Lenovo ThinkCentre M92z All-In-One Desktop PC

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TEST RESULTS

Thermals, Power Consumption & Noise

System Measurements
System State
Temps
Power (AC)
SPL @0.6m†
CPU
HDD
Ext*
Off
N/A
1W
N/A
Sleep (S3)
N/A
2W
N/A
Idle
(screen off)
N/A
24W
19 dBA
Idle (max. brightness)
N/A
48W
19 dBA
Idle (typ. Brightness)
35°C
34°C
32°C
39W
19 dBA
H.264 Playback
40°C
36°C
33°C
49W
19 dBA
TMPGEnc Encoding
75°C
39°C
52°C
86W
20~21 dBA
CPU Load
80°C
39°C
52°C
109W
28 dBA
CPU + GPU Load
85°C
39°C
52°C
130W
28 dBA
Ambient: 20°C, 10~11 dBA.
*External temperature measured using an IR thermometer pointed at the hottest portion of the external chassis (near the center of the exhaust port).
We measure SPL at 0.6m for all devices meant to be used atop a desk, as it is more realistic a distance than the usual 1m. It also corresponds to the "seated user SPL" distance specified in the computer noise measurement standard ISO 7779.

Considering the M92z also has to power a 23 inch 1080p monitor, it's a very energy efficient system, idling at 39W and using a maximum of 130W on full synthetic GPU and GPU load. As the system consumes 24W when the screen is disabled, at typical brightness, the monitor uses about 15W.

The system runs fairly cool when it's not being heavily taxed. Running Prime95 pushed the CPU to 80°C and adding FurMark to the load brought it up to 85°C. Video encoding with TMPGEnc is a more realistic stress test, but even then, 75°C is a bit toasty. That being said, the CPU never throttled during any of our tests.

The noise level of machine is excellent, measuring only 19 dBA@0.6m (typical seated user distance as per ISO 7779). TMPGEnc only increased the SPL by 1~2 dB. Only synthetic loads would make the system significantly louder. As the display sits between the machine's only fan, much of the noise produced is blocked from the user.


The fan does has some tonal qualities, and is a bit clicky, but these were only noticeable from the back of the machine. Sitting in front, it wasn't very offensive though not super smooth, either. We got used to it after a few minutes of operation and it sort of blended away into the background.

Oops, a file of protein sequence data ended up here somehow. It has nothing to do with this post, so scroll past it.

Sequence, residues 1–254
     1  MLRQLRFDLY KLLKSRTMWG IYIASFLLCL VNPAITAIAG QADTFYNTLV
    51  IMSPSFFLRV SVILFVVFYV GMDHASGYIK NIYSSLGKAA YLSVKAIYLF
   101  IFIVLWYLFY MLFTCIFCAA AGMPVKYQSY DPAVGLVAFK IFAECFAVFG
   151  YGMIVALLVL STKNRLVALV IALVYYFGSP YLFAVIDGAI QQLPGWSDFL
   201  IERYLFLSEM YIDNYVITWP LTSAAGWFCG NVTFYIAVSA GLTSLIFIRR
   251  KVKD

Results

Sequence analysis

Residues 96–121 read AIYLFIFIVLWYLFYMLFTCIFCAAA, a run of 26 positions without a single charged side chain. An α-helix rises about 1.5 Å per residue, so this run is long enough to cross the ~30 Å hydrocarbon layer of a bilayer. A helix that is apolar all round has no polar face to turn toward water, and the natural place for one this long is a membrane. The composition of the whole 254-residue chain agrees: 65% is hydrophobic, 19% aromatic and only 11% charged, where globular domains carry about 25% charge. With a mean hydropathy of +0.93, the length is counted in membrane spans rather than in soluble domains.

PERFORMANCE

CPU & GPU

Our configuration features an i7-3770S, a low power version of the i7-3770K which we reviewed earlier this year. It has a lower TDP (65W vs. 77W) and includes virtualization and security features not found on the "K" series (vPro, VT-d, Intel Trusted Execution Technology), but it's clocked at 3.1 GHz instead of 3.5 GHz, though the maximum Turbo Boost speed is the same at 3.9 GHz. On paper, the 3770S should be slower in multi-threaded workloads but according to CPU-Z, it was clocked at 3.5 GHz throughout our synthetic load testing. So performance-wise, the two chips are almost identical.

The integrated HD 4000 graphics is also the same. Its 3D performance is similar to that of an entry level graphics card like the Radeon HD 5450, so don't expect much in the way of gaming performance. It is very adept at rendering high definition video though.

Hard Drive


HD Tune Read benchmark result.

In CrystalDiskMark, the M92z's Barracuda 1TB hard drive scored results similar to the WD Red 3TB (one of the faster drives we've tested despite it running at 5,400 RPM). While this is fairly quick for a mechanical hard drive, it's not nearly as snappy as an SSD. Lenovo does offer the option for one, but it's an extra US$220 for only 64GB.

Boot performance was surprisingly good for a hard drive. There isn't much delay in the pre-O/S process with the "Starting Windows" screen appearing 10.8 seconds after engaging the power button. It took about 49 seconds in total until we heard the Windows startup chime ringing out.

USB 3.0


HD Tune Read benchmark result.

According to the specifications, our USB 3.0 dock is limited to 5 Gbps but most of the controllers we've tested it with fail to achieve even half of that figure despite using a SandForce drive (Kingston HyperX 3K 120GB) and an easily compressible data set. The Intel controller on the M92z is native to the Q77 chipset and it performs on par with the best we've encountered, the VIA VL800 controller on the Gigabyte Z77X-UD3H.



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